Reflecting the structure of composites found in nature and the ancient world, researchers at the University of Illinois at Urbana-Champaign have synthesized thin carbon nanotube (CNT) textiles that exhibit both high electrical conductivity and a level of toughness that is about fifty times higher than copper films, currently used in electronics.

"The structural robustness of thin metal films has significant importance for the reliable operation of smart skin and flexible electronics including...

Im Focus: Deep inside Galaxy M87

The nearby, giant radio galaxy M87 hosts a supermassive black hole (BH) and is well-known for its bright jet dominating the spectrum over ten orders of magnitude in frequency. Due to its proximity, jet prominence, and the large black hole mass, M87 is the best laboratory for investigating the formation, acceleration, and collimation of relativistic jets. A research team led by Silke Britzen from the Max Planck Institute for Radio Astronomy in Bonn, Germany, has found strong indication for turbulent processes connecting the accretion disk and the jet of that galaxy providing insights into the longstanding problem of the origin of astrophysical jets.

Supermassive black holes form some of the most enigmatic phenomena in astrophysics. Their enormous energy output is supposed to be generated by the...

Im Focus: A Quantum Low Pass for Photons

Physicists in Garching observe novel quantum effect that limits the number of emitted photons.

The probability to find a certain number of photons inside a laser pulse usually corresponds to a classical distribution of independent events, the so-called...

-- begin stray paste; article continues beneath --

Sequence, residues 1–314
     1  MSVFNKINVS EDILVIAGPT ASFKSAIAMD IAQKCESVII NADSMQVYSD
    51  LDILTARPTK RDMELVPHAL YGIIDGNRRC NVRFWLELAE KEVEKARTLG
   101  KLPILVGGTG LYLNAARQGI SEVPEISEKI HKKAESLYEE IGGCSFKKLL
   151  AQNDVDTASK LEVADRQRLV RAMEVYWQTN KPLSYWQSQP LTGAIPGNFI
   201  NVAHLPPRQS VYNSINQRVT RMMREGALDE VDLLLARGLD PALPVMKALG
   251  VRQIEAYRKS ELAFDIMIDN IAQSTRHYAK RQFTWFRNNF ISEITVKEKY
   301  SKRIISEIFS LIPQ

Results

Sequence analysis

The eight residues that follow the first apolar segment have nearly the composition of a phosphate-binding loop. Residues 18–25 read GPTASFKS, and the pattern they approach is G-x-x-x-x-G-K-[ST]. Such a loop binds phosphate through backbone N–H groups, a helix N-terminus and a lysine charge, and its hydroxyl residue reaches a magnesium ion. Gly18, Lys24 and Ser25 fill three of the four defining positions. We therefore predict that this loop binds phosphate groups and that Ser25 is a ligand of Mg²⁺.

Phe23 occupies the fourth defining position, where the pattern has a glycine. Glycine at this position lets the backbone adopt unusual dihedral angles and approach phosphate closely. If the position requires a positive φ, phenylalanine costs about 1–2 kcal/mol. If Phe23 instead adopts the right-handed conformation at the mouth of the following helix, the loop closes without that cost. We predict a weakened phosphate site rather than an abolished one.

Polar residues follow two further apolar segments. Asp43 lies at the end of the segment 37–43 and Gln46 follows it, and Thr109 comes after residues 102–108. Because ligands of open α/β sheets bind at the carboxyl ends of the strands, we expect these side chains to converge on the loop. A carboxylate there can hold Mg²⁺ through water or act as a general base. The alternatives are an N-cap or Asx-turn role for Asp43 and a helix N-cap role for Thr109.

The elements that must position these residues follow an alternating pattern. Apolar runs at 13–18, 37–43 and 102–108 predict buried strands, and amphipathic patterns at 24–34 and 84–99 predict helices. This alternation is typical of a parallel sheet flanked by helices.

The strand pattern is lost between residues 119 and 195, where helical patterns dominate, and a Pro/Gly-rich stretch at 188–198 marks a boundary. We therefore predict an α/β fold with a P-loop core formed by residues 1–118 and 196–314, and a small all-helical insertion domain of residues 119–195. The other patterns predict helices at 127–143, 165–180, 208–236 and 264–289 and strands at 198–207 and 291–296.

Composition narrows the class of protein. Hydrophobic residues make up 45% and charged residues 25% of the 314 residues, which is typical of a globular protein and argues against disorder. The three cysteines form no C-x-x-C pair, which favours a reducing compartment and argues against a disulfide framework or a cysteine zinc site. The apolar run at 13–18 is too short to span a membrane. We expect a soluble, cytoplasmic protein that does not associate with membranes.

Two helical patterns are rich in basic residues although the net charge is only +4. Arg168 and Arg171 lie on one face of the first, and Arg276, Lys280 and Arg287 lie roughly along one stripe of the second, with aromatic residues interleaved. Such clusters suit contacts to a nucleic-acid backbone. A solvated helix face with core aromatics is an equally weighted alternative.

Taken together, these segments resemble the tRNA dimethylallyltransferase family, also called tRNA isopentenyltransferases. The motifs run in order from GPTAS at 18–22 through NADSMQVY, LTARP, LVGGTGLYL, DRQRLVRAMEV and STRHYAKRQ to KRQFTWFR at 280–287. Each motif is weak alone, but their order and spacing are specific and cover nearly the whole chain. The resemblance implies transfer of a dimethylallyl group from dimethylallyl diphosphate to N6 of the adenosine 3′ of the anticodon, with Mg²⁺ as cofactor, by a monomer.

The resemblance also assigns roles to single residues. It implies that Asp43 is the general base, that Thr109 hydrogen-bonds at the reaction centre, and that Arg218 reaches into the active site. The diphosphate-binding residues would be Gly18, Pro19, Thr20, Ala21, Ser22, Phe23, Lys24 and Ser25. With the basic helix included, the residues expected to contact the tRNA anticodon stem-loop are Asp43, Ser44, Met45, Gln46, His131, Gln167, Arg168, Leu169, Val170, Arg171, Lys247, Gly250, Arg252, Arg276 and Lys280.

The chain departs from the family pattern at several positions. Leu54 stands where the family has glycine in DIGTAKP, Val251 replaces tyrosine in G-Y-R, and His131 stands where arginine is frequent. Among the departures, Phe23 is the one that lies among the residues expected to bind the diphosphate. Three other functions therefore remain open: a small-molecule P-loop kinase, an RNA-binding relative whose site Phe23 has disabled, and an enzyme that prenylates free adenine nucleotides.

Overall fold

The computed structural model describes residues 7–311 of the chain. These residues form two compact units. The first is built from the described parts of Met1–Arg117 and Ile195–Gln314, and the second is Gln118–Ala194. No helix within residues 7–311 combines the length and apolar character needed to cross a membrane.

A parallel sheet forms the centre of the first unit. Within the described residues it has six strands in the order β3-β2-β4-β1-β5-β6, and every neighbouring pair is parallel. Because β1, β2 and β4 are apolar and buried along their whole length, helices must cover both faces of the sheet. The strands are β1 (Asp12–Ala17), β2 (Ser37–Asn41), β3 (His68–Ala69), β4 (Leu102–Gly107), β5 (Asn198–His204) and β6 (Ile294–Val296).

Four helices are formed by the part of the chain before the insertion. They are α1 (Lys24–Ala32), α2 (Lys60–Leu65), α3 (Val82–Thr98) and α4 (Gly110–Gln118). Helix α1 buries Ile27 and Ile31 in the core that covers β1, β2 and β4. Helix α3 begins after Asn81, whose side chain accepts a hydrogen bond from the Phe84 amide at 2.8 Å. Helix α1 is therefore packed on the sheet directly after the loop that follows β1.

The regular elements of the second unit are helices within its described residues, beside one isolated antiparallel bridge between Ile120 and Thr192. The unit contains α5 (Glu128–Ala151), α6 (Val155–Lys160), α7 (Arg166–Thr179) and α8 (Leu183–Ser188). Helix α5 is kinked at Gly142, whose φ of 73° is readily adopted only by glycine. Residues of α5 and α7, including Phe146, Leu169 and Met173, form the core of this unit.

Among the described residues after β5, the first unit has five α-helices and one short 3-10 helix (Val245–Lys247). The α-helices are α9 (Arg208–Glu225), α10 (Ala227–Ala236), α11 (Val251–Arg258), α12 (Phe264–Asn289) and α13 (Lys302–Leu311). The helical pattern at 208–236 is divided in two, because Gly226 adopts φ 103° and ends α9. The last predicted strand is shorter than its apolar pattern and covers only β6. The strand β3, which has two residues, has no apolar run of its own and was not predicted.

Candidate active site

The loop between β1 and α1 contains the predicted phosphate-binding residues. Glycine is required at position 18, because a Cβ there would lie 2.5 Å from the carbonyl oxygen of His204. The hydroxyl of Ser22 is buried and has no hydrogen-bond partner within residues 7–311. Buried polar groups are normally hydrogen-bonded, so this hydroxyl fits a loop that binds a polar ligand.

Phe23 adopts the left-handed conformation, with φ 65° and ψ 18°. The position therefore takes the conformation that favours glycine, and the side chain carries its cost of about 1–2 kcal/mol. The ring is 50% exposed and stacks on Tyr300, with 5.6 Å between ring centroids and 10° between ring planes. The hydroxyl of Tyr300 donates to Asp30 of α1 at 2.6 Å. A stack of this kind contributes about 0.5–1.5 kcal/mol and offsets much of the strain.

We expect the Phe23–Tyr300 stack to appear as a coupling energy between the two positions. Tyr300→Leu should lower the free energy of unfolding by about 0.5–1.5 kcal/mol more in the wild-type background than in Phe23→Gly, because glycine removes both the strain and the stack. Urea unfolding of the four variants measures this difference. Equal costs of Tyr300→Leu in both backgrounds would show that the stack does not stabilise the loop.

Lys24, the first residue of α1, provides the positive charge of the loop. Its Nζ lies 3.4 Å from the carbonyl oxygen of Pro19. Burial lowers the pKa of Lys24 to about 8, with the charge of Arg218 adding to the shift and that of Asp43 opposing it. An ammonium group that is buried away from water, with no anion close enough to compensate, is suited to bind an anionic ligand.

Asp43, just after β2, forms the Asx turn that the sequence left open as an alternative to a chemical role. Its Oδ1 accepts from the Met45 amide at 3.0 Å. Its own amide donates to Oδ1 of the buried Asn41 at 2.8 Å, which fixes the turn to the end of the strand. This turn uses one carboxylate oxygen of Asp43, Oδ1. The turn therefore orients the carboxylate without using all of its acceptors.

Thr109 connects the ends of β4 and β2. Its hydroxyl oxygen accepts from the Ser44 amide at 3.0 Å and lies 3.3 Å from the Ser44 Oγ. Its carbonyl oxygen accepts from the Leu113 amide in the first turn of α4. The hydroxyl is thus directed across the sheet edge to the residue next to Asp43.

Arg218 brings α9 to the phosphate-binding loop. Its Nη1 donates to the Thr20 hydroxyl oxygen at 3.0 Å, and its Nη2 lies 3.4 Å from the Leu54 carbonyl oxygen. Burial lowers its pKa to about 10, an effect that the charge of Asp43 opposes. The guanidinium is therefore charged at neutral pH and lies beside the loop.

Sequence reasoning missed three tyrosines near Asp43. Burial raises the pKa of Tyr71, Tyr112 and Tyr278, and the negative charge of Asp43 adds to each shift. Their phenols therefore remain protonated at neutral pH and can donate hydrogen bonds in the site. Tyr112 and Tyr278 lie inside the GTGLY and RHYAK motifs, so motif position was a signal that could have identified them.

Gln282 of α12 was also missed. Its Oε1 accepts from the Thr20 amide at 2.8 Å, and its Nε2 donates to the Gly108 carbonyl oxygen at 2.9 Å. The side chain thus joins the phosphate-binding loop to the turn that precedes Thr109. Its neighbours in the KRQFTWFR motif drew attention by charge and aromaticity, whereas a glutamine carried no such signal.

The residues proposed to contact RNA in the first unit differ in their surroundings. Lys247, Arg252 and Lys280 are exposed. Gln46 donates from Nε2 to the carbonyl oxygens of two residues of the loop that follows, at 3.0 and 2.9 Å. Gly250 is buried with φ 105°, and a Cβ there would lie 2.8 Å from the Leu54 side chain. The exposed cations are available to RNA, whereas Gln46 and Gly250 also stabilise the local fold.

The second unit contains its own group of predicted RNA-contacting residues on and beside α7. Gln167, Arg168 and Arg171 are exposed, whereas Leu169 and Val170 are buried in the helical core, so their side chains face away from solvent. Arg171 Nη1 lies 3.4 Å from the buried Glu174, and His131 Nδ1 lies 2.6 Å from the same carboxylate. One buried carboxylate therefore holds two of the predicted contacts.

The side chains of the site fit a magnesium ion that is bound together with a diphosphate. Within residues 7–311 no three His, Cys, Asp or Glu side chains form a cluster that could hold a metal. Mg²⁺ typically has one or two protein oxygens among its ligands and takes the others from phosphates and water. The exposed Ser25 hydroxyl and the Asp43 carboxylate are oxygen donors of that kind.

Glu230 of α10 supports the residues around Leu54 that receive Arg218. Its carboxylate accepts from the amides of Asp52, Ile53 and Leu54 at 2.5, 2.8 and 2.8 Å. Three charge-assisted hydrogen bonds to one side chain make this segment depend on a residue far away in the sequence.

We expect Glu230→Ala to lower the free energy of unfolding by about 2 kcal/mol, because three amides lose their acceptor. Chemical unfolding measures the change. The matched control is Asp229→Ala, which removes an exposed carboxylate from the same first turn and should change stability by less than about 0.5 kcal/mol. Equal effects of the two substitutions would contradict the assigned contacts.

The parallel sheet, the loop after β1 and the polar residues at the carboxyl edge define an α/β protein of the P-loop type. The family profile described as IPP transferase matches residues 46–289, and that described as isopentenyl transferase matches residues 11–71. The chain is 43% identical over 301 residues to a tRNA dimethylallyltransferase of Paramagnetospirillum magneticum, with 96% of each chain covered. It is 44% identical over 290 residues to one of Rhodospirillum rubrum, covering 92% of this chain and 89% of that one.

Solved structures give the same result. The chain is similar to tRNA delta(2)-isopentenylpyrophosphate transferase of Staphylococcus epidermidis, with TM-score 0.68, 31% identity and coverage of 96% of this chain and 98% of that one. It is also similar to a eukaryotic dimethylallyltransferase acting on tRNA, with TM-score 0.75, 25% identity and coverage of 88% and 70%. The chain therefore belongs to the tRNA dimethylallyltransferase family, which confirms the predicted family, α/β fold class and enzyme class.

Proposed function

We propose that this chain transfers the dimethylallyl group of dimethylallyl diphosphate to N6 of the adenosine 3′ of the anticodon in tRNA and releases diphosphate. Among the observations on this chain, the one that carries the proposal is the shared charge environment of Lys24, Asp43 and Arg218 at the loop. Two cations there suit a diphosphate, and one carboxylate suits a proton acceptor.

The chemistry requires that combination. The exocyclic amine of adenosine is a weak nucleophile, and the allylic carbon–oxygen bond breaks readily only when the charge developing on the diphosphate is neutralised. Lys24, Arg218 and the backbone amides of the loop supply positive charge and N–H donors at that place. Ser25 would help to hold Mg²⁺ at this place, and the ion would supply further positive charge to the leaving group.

Im Focus: Microprocessors based on a layer of just three atoms

Microprocessors based on atomically thin materials hold the promise of the evolution of traditional processors as well as new applications in the field of flexible electronics. Now, a TU Wien research team led by Thomas Müller has made a breakthrough in this field as part of an ongoing research project.

Two-dimensional materials, or 2D materials for short, are extremely versatile, although – or often more precisely because – they are made up of just one or a...

All Focus news of the innovation-report >>>

Anzeige

Anzeige

Event News

Expert meeting “Health Business Connect” will connect international medical technology companies

20.04.2017 | Event News

Wenn der Computer das Gehirn austrickst

18.04.2017 | Event News

7th International Conference on Crystalline Silicon Photovoltaics in Freiburg on April 3-5, 2017

03.04.2017 | Event News

 
Latest News

NASA's Fermi catches gamma-ray flashes from tropical storms

25.04.2017 | Physics and Astronomy

Researchers invent process to make sustainable rubber, plastics

25.04.2017 | Materials Sciences

Transfecting cells gently – the LZH presents a GNOME prototype at the Labvolution 2017

25.04.2017 | Life Sciences

VideoLinks
B2B-VideoLinks
More VideoLinks >>>